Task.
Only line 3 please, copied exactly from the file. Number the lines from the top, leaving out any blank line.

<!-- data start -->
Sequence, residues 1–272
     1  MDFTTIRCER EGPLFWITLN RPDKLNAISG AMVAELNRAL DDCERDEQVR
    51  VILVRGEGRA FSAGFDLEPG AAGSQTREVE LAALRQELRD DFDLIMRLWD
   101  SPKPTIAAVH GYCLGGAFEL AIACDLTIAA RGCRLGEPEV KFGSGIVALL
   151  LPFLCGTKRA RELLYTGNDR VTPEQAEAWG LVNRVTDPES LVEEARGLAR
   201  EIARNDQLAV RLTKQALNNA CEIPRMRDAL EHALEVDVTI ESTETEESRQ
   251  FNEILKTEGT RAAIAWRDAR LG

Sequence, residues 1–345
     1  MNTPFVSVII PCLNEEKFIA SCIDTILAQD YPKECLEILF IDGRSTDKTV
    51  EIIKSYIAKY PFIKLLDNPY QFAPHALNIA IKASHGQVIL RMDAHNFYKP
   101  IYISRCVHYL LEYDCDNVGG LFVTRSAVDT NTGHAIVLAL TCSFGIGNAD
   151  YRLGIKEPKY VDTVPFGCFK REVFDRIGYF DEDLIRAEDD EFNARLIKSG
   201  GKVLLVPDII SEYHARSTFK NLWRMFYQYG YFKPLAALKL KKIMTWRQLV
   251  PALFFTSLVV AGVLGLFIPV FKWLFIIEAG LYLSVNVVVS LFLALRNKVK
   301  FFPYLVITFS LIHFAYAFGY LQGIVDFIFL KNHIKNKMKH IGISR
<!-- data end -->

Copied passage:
    51  VILVRGEGRA FSAGFDLEPG AAGSQTREVE LAALRQELRD DFDLIMRLWD